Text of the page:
You are probably familiar with the ongoing contractual row between Hachette and Amazon.
According to the Wall Street Journal, a contract between these two corporate giant was due to expire in March. Apparently Amazon contacted Hachette at the start of January to discuss terms for this contract.
“We heard nothing from them for three full months,” Amazon has reported. This is typical of big publishers. They live in a Victorian world where keeping authors and book sellers waiting, as they are the dictators of key terms, is the standard way to do business. Arrogance is what I call it. But the tide may be turning. A letter in support of Hachette by James Patterson and other top tier authors has been countered by an opposing letter organised by Hugh Howey.
While not wanting to add to the fire, I wish simply to point out that arrogance and hypocrisy are not attractive qualities.
This dispute is a moment of change for our industry. The main people who benefit from the publishing industry, apart from publishers and their shareholder, whose profits are going up, are the top selling authors, such as James Patterson, who has created an industry based on a brand and books which he does not himself write. Meanwhile mid tier authors, whose ebooks are priced high do not sell nearly as well.
How badly most authors do out of the current, mainly traditional publishing model, is reflected in the 29% drop in average UK author incomes since 2005, as reported in the Guardian recently. To say traditional publishers are defenders of authors seems to reflect a victim culture and willingness to accept the crumbs from the publishers table with gratitude, as authors have had to do for a very long time.
In that open letter to readers by top authors Amazon is accused that it “directly targeted Hachette’s authors in an effort to force their publisher to agree to its terms.”
This is willfully misleading. Amazon has in fact offered to compensate authors for any damage they suffer. They most recently offered to give these authors 100% of the revenue from their ebooks. However, this offer looks to me like a distraction. Few are likely to take it up, but it does illustrate the deep nature of this dispute and the entrenchment on both sides.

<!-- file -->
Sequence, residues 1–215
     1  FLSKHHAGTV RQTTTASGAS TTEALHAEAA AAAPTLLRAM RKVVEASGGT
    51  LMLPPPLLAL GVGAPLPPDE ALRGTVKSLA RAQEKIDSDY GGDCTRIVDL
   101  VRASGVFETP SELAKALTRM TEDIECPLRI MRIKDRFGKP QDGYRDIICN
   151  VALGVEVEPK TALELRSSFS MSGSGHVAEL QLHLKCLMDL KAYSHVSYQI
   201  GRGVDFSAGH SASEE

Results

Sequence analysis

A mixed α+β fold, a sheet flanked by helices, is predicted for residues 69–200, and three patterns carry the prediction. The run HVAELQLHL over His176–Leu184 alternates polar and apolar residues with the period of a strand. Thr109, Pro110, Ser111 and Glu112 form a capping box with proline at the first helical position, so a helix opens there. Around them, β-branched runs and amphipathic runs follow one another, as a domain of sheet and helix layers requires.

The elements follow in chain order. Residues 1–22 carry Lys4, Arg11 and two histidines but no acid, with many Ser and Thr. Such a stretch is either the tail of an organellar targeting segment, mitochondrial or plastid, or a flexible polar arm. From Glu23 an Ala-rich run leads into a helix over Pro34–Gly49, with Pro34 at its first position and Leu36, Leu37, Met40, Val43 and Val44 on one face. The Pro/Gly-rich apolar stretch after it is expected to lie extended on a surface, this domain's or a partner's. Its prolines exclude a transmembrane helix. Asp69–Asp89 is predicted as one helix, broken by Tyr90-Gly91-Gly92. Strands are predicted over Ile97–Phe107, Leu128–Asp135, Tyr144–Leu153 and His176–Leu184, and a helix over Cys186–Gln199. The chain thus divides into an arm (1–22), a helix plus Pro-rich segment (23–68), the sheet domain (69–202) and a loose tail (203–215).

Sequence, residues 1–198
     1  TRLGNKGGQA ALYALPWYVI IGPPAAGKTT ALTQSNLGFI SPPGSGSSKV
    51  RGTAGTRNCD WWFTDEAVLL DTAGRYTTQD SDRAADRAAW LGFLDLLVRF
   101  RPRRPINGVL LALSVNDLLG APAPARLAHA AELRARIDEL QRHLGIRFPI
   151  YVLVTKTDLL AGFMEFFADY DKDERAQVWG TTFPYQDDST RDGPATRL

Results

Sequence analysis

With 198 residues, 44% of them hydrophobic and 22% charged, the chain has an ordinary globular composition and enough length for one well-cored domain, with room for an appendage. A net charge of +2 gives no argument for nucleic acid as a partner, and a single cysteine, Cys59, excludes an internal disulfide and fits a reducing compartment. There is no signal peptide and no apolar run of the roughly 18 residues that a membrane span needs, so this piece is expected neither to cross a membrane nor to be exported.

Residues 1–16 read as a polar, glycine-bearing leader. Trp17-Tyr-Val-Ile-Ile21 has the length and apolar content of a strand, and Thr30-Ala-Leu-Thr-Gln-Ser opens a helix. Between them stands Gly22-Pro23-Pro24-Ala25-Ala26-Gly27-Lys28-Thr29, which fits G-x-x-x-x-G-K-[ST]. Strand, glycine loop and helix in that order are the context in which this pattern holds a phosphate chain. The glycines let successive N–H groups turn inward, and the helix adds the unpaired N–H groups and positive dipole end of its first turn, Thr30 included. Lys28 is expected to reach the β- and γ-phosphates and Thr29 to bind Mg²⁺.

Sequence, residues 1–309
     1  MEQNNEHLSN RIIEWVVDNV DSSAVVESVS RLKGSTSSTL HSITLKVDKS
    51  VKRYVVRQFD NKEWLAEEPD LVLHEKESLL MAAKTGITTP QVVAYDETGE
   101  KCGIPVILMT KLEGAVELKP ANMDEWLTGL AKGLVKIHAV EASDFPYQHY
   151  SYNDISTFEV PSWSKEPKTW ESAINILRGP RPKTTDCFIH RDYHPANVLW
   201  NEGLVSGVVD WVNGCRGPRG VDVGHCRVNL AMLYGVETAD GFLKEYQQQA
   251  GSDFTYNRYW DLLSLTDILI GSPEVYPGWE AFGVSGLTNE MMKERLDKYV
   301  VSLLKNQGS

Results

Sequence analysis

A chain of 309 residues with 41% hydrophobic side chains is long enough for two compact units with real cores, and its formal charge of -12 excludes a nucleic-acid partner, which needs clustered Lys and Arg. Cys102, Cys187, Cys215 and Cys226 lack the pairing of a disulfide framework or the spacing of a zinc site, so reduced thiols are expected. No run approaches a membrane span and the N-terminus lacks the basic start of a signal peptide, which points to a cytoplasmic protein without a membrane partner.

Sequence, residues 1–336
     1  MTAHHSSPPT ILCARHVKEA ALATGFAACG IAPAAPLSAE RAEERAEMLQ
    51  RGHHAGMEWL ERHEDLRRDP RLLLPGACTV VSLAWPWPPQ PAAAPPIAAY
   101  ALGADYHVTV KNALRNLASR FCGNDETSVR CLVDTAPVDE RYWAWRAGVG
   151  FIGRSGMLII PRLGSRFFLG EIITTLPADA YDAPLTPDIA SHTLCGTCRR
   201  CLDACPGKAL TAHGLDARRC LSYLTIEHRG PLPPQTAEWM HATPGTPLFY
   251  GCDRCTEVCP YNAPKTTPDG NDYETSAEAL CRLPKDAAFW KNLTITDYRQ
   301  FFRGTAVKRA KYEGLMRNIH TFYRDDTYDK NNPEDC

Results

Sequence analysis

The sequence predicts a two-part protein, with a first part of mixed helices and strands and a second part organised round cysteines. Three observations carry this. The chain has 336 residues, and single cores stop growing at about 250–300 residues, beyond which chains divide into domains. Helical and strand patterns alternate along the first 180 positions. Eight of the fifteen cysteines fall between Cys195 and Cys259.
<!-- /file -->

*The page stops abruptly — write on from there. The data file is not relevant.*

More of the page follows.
The elite authors also accuse Amazon of “Boycotting Hachette authors, by refusing to accept pre-orders on Hachette’s authors’ books, claiming they are “unavailable.”
It seems they do not understand the word boycott. All books by all Hachette authors are available on the Amazon store. Amazon have simply stopped including a pre-order button for Hachette titles. Amazon are a retailer. They have a right to decide how they sell books.
So how are these authors hypocrites?
These fat-cat authors also claim that “As writers—some but not all published by Hachette—we feel strongly that no bookseller should block the sale of books or otherwise prevent or discourage customers from ordering or receiving the books they want.”
This is 100% pure self-serving hypocrisy. There is no boycott, simply a lack of pre-order buttons. And no self published author gets a pre-order button, yet I have never heard a fat cat author complain about that. And Amazon-published titles – self published titles in paperback – are actually boycotted by Barnes & Noble and by many book shops.
Thousands of self-published authors face this real boycott. A total boycott, a refusal to stock books written by self published authors, because the book shop buyer doesn’t like that they are published by Amazon, not a traditional publisher and they also face a refusal by Amazon to place pre-order buttons on their books. Many of these self published titles are popular and of a high quality.
We have never heard these top tier authors complain about these real boycotts. But now, as the industry which selected them is under financial pressure, they seek to complain about the lack of a pre-order button on their own titles? Poor things!
I am traditionally published by Harper Collins and I have self published too. And I cannot abide hypocrisy, especially of the self serving kind. I think all authors should be asked to stand up and support the right of Amazon to set prices as it wishes and for the wealthy mega author brands to look into their hearts and accept that fear of change is no reason to loose their moral compass.
I also call on Amazon to install pre-order buttons for all indie authors who have previously published a book on Amazon, which has been delivered successfully to over 100 readers.
Now that would level the playing field a little. But I doubt if the top tier of authors will send a letter to Amazon about that.